Just four years into Aphex Twin's post-comeback career, Richard D. James is making some of the best music of his life. Maybe that sounds like hyperbole or provocation. He's got a formidable track record, after all: Between 1991 and 2001, he turned electronic music on its ear more than once, giving the world a number of classics in the process.
What is there left to say about Richard D James, more famously known as Aphex Twin? Frankly, it's a gift that we're still getting new music from the man, myth and legend at all, given the decade-long hiatus he took from releasing new music not so long ago. But where his comeback full-length Syro was an unmitigated success, his last EP Cheetah received a mixed reception, showing that even those as talented as James don't and shouldn't always get an easy ride based on their past importance.
Collapse, announced a couple months ago via a series of posters that appeared overnight in London, Turin, LA, NYC and Tokyo, however, sees a back to basics approach - as much as that term can ever apply to James - where he has returned to the masterful atmospheric electro we are all used to him producing.
Poor Richard D. James. He has simply set the bar too high to be given a fair shout these days. We've just come to expect so much from the British producer that even a remarkable EP, such as his latest Collapse, is likely to be met with some glassy-eyed indifference. That's not warranted though, and here's why: While there isn't necessarily anything "new" on here for Aphex Twin fans, this is still light years ahead of almost every other producer on the planet. He basically destroyed the mould some 30 years ago, so the fact that he can still ….
Following a hiatus of thirteen years Aphex Twin returned in 2014 with his 7th studio album, Syro. Though engaging, the album operated more as a series of isolated tracks, lacking the raw appeal of a gut-punching single like "Windowlicker" or the strategic direction of an album like Selected Ambient Works 85-92. This was followed by the somewhat unremarkable Cheetah EP in 2016, which broke little new ground for James.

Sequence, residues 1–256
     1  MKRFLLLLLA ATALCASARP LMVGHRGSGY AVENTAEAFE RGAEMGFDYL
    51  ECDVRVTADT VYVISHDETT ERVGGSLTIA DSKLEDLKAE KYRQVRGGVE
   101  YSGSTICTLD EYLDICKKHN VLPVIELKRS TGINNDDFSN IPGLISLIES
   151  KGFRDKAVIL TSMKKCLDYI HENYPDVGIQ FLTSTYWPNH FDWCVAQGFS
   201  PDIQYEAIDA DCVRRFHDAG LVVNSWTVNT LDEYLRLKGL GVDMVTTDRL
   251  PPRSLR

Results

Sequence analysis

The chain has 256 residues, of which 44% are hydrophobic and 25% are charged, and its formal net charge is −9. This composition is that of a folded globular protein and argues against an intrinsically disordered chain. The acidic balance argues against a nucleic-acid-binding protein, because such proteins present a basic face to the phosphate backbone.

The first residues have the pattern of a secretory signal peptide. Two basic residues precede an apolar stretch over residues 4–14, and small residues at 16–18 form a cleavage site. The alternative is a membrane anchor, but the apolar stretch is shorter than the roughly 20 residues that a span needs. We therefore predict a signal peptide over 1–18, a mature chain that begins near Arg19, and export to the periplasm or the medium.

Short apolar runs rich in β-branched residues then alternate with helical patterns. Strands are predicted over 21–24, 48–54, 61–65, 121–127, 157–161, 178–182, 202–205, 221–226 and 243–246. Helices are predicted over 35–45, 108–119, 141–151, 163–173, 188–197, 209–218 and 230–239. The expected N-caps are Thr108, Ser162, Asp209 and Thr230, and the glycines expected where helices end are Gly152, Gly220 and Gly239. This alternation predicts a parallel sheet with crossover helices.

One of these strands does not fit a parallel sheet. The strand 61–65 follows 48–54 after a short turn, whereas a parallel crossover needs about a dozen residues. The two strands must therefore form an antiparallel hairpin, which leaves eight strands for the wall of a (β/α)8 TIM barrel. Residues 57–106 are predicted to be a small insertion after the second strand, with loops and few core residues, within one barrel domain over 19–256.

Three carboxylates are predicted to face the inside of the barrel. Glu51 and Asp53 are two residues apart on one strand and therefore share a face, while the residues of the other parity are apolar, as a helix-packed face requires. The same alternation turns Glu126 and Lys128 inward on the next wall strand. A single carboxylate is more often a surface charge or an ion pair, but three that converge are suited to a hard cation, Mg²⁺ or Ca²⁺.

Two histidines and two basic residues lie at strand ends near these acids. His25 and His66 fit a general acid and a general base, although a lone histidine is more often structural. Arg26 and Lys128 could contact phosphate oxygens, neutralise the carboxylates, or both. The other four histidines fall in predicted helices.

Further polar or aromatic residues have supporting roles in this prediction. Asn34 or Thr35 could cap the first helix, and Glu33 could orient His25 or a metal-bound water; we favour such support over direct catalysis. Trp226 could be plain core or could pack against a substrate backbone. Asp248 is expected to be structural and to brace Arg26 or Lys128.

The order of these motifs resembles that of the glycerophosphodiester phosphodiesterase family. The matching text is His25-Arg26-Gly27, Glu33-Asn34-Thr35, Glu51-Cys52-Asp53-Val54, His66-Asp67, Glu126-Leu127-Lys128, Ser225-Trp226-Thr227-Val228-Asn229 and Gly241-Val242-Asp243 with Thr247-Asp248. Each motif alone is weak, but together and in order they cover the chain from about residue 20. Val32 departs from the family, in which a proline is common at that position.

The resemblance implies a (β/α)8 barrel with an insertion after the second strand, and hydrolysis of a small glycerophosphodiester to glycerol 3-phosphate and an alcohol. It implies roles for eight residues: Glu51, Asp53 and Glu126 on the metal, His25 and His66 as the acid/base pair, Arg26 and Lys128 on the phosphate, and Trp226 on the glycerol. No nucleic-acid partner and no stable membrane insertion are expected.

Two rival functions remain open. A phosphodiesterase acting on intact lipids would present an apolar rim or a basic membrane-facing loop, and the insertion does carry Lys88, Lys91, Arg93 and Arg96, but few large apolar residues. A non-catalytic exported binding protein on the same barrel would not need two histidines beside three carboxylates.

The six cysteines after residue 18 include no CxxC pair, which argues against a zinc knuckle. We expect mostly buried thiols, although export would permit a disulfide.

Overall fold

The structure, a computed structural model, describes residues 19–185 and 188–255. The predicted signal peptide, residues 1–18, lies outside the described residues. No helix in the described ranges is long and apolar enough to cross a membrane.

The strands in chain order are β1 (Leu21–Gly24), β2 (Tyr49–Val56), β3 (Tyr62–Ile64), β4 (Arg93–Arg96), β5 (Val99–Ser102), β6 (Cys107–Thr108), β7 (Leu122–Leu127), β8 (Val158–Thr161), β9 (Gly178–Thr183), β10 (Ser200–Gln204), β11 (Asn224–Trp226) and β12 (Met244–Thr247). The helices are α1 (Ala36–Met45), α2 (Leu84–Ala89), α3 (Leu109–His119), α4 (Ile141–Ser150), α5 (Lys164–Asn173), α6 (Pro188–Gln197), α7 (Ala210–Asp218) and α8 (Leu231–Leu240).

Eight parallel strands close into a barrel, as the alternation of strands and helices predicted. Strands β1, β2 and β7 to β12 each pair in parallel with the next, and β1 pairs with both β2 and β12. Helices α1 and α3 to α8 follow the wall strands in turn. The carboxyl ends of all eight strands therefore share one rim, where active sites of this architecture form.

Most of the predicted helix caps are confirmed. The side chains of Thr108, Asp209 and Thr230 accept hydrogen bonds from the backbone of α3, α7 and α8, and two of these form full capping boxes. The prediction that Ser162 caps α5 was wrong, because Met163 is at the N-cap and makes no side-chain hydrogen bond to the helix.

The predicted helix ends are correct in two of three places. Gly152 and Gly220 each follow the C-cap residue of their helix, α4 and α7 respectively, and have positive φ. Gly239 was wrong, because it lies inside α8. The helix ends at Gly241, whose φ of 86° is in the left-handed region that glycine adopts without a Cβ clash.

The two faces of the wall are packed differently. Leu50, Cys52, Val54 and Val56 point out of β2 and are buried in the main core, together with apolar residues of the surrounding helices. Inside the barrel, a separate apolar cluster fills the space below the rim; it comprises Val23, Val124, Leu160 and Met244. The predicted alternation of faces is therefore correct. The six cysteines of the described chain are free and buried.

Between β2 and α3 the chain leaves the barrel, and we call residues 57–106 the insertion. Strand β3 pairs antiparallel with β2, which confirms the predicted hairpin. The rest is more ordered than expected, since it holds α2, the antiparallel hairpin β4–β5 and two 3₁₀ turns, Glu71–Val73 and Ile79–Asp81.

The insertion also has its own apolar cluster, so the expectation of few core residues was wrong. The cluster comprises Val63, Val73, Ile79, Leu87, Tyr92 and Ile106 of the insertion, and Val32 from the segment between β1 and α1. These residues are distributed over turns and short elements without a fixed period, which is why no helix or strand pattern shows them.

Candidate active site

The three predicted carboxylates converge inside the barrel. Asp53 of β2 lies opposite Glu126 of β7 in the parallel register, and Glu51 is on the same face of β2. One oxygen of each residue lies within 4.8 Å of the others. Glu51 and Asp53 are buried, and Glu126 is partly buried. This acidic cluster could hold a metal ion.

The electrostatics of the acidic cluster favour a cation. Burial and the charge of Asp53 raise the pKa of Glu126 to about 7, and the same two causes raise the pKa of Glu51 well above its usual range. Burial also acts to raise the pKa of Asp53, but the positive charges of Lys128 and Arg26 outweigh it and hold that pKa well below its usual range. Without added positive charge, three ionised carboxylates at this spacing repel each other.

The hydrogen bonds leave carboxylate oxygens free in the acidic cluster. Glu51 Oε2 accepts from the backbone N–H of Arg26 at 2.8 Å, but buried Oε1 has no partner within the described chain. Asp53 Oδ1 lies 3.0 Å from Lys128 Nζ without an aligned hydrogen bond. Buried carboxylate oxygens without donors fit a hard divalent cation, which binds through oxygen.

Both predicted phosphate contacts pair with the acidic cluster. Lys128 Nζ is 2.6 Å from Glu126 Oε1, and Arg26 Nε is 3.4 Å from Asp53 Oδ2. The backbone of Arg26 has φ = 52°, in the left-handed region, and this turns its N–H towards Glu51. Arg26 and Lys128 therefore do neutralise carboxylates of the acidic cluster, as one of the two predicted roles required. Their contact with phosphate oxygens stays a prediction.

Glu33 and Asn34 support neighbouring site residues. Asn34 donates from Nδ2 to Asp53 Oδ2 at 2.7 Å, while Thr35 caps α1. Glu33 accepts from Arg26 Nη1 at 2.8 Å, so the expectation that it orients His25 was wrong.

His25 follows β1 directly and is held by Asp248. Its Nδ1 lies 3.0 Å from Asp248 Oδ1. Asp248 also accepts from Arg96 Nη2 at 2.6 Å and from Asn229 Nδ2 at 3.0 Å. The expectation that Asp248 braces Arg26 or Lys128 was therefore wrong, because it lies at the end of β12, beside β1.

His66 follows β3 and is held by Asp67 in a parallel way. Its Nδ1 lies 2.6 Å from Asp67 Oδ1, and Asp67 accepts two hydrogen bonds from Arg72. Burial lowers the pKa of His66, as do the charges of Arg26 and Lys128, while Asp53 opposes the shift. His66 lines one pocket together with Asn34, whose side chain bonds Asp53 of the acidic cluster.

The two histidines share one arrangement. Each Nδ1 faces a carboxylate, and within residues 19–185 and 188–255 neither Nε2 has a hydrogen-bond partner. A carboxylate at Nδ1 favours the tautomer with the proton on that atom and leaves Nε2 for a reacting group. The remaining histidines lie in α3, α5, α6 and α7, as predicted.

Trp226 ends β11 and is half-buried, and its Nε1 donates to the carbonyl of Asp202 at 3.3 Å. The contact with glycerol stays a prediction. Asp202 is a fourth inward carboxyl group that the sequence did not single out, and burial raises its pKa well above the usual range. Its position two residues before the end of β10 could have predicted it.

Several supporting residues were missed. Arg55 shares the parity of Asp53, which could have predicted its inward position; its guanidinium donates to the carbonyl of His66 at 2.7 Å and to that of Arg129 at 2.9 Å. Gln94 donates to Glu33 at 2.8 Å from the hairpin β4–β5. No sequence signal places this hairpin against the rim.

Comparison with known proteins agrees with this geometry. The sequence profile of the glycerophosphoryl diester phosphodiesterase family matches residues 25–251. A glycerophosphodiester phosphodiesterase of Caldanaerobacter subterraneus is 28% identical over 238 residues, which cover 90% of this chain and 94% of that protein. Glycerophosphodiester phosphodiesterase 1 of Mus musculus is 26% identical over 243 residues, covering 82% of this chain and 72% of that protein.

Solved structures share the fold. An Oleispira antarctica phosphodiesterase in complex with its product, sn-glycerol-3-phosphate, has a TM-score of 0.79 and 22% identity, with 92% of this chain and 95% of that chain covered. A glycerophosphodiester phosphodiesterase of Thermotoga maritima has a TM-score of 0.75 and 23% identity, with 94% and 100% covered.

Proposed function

In some ways, Collapse sounds like the most Aphexian recording Aphex Twin has released since bursting back onto the scene with 2014's Syro. Since then, he's ventured down several different rabbit holes via EPs and limited releases, from the clinical experiments of Computer Controlled Acoustic Instruments, Pt. 2 to the manic acid techno of Orphaned Deejay Selek: 2006-2008, not to mention the smorgasbord of glitches, rushes, and interstellar howls spread across a 90-minute cassette only available at the Fuji Rock Festival in 2017.
New Musical Express (NME) - 80 Based on rating 4/5
This five-track EP is another excellent, deconstructionist addition to a musical canon like no other Despite his semi-reclusive life and bafflingly obtuse music, Aphex Twin is something of an otherworldly superstar. Case in point - the internet hysteria when the 'Collapse' EP was teased with a series of stunning posters around the globe. Met with the kind of fervent adoration usually reserved for pop behemoths, the Cornish enigma has clearly lost none of his appeal since returning from a 13-year hiatus with a patchy trio of official releases and a series of Soundcloud dumps (which ranged from leftover beats and noises to ideas that could realistically be considered full Aphex songs).
Though just about every contemporary electronic artist has either taken cues from or been indirectly inspired by Aphex Twin, there's still an intangible difference between a genuine Richard D. James creation and one that seeks to replicate the experience. Whether he's making intoxicating IDM or equally intoxicating (albeit in different ways), drill 'n' bass, James commands your attention.
By virtue of their ceaseless fervor and intuitive sleuthing, Aphex Twin constituents have willed Richard D. James into the enigmatic lodestar of electronic music that he’s known as today. So on Collapse, his latest EP under the Aphex name, there’s a certain antipathy and cynicism present, a kind of misanthropy that could be found in a hermit who revels in mystery and only offers fleeting, furtive indications of his existence.